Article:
Gareth also sent me a scan of a document – an indenture outlining the sale of the school buildings to Theophilus Basil Percy Levett, dated Christmas Eve 1902, and signed by the the school’s governors. It’s a fascinating document, there’s  information about the buildings,  the stamp of the Birmingham Paper and Parchment dealer, the seals and the names and professions of the governors (some are more familiar than others -Lonsdale, Cooper, Lomax, Ashmall and Andrews stand out for me).   In 1903 the school moved from St John St to Upper St John’s St, merging with Kingshill Secondary Modern in 1971, to form the present King Edward VI school.

Gareth’s photographs and images from the last few days are fascinating, but what I also think is interesting is the contrast.  The inky signatures of men who have already made their way in the world, compared with names carved into wood and brick by children starting out in life.  And what about the contrast of these grammar school boys with their peers?  Whilst they may or may not have gone on to fulfil their potential (see the comments on my previous post)  what of those other children that never even had the opportunity?

A couple of weeks ago, I was listening to the headteachers of our state secondary schools here in Lichfield talk about what their school offered to students. Each of them spoke convincingly about their commitment to giving each and every pupil in their care, regardless of ability or background, the opportunity to reach their potential in life.   I found myself moved by their words. This is how it should be.

Edit 2/11/2012

Yesterday at Lichfield Library, I found the book ‘A Short History of Lichfield Grammar School’ written by Percy Laithwaite in 1925. Mr Laithwaite refers to the graffiti, and I suspect this may be the original source (I found out about the existence of the graffiti on a Lichfield District Council document. I also saw it referenced in Howard Clayton’s Coaching City, whilst I was at the library yesterday). As well as providing small biographies of some of the masters and pupils of the school,  Mr Laithwaite also mentions that wooden panelling from the old school room is now used in the council offices, and that an oak desk from the school room was used as a locker at Bridgeman’s on Quonians Lane. If we could track that down, that’d be something!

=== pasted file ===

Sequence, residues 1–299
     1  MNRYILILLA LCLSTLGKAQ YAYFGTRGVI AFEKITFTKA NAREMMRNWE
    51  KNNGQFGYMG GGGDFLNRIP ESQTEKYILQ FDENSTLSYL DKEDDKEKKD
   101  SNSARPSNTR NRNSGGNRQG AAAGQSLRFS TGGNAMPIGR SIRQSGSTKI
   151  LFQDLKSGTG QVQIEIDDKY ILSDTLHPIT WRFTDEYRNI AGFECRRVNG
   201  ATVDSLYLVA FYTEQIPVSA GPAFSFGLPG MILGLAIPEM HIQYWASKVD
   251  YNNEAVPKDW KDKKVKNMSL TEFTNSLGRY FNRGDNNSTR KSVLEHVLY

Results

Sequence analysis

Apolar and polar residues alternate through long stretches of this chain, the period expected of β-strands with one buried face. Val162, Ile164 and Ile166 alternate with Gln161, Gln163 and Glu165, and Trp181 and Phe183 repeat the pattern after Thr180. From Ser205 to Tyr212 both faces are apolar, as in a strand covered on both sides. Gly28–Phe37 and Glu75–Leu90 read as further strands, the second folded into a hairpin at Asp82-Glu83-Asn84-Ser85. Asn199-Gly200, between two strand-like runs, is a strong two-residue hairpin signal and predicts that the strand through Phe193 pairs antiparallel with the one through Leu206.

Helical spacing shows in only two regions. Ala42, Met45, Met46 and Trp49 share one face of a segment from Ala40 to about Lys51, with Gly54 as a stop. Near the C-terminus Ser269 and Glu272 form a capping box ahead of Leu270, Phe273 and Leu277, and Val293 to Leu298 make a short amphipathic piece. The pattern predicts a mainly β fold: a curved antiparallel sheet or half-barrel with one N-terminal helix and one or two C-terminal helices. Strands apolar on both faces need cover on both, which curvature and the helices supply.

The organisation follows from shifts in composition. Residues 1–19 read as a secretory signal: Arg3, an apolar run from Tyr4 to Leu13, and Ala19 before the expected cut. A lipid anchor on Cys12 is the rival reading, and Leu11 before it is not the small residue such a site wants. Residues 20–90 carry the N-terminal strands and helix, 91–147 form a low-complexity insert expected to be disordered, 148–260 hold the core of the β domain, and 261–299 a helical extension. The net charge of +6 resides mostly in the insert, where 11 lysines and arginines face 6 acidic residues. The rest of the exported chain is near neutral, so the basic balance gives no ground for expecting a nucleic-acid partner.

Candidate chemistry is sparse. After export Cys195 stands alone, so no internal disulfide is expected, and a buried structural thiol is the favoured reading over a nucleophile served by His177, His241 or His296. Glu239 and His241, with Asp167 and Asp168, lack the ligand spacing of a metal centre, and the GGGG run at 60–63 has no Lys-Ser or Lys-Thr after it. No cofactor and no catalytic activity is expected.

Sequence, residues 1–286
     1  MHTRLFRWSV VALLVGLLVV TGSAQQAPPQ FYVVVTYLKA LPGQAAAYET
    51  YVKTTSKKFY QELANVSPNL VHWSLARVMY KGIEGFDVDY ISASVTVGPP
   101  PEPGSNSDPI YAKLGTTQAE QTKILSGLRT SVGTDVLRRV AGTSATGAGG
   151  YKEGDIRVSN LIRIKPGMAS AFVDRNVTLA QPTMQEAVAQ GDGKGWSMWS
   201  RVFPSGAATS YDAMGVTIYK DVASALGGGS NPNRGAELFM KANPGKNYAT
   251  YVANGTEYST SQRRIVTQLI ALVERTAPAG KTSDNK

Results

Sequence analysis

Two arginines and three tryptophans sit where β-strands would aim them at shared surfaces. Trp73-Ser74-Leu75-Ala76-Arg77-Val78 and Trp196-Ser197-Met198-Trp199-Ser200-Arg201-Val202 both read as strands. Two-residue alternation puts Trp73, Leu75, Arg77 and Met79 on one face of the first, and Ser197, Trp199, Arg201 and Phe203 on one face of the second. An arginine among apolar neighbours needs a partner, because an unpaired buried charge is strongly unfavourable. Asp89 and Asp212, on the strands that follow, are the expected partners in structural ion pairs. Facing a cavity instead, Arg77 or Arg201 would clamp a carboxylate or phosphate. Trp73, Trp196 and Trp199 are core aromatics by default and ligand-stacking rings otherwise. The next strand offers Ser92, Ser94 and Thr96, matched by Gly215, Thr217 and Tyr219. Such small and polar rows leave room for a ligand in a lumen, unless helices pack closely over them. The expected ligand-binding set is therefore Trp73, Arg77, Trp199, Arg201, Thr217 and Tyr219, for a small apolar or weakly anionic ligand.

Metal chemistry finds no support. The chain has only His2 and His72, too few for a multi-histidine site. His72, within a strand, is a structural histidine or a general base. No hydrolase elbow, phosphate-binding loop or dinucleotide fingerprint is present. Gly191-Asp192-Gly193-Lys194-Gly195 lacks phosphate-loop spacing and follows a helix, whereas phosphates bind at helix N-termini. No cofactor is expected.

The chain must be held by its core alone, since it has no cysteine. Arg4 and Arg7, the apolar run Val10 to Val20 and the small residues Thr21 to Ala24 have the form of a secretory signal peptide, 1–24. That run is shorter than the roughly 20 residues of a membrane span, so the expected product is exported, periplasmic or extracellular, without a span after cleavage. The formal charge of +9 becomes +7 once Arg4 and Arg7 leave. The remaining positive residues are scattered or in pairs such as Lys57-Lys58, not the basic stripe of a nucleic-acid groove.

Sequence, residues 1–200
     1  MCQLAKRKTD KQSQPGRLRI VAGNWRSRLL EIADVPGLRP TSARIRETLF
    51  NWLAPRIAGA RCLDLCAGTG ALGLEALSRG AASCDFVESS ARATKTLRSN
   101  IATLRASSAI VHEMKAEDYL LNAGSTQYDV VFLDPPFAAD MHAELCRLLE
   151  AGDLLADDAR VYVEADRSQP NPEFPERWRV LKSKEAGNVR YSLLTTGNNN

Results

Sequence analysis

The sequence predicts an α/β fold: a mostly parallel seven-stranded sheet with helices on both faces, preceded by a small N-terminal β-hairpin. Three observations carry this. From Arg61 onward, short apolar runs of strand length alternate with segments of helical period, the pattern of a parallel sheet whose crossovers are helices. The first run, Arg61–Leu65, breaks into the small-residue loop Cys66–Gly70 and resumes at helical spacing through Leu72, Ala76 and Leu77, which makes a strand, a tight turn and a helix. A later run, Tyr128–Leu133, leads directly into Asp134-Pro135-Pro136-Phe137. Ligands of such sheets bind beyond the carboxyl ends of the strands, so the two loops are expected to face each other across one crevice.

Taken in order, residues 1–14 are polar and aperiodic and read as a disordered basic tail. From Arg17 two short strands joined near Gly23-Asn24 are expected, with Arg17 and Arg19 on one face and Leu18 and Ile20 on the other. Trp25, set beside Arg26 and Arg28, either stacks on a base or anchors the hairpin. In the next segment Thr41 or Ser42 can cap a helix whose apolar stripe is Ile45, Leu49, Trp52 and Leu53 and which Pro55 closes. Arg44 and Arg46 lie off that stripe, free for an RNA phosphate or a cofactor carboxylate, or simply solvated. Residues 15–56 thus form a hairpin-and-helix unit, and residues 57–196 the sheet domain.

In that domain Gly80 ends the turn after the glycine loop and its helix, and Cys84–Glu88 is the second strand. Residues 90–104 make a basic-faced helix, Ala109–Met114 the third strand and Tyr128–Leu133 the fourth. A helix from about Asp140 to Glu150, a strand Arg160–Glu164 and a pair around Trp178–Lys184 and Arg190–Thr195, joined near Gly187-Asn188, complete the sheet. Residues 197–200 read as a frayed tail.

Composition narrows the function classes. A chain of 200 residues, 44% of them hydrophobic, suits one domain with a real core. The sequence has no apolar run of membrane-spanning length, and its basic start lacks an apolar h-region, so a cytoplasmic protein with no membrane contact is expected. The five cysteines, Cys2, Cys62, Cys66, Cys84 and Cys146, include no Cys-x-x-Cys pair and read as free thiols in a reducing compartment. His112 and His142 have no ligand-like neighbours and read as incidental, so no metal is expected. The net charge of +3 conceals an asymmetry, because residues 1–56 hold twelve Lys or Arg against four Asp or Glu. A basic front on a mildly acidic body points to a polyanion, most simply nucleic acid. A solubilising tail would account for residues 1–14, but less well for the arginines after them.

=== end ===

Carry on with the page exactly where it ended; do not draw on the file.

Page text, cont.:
Footnote:

 

I’m really pleased to say that Gareth Thomas who provided me with the graffiti photos and the indenture document, as well as other information over the last weeks has started his own blog http://lichfield.keepsblogging.com/ Gareth’s going to be sharing the things he discovers and judging by the gems he’s come up with so far, it’s going to a great read for those of us who enjoy exploring the history of this old city.

Sources:

http://www.lichfielddc.gov.uk/info/100004/council_and_democracy/588/history_of_district_council_house/2

http://www.kingedwardvi-lichfield.staffs.sch.uk/history.html

https://wiki.leeds.ac.uk/index.php/HIST2530_Building_the_literate_nation:_the_historical_debate#Literacy_Rates